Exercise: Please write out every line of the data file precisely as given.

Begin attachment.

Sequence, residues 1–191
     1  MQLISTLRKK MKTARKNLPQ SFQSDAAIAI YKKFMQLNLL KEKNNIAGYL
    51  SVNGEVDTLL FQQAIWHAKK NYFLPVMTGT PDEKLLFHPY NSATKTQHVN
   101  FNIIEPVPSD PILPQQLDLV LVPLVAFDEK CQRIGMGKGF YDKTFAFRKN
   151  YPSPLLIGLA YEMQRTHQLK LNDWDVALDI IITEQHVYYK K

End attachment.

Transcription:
Sequence, residues 1–191
     1  MQLISTLRKK MKTARKNLPQ SFQSDAAIAI YKKFMQLNLL KEKNNIAGYL
    51  SVNGEVDTLL FQQAIWHAKK NYFLPVMTGT PDEKLLFHPY NSATKTQHVN
   101  FNIIEPVPSD PILPQQLDLV LVPLVAFDEK CQRIGMGKGF YDKTFAFRKN
   151  YPSPLLIGLA YEMQRTHQLK LNDWDVALDI IITEQHVYYK K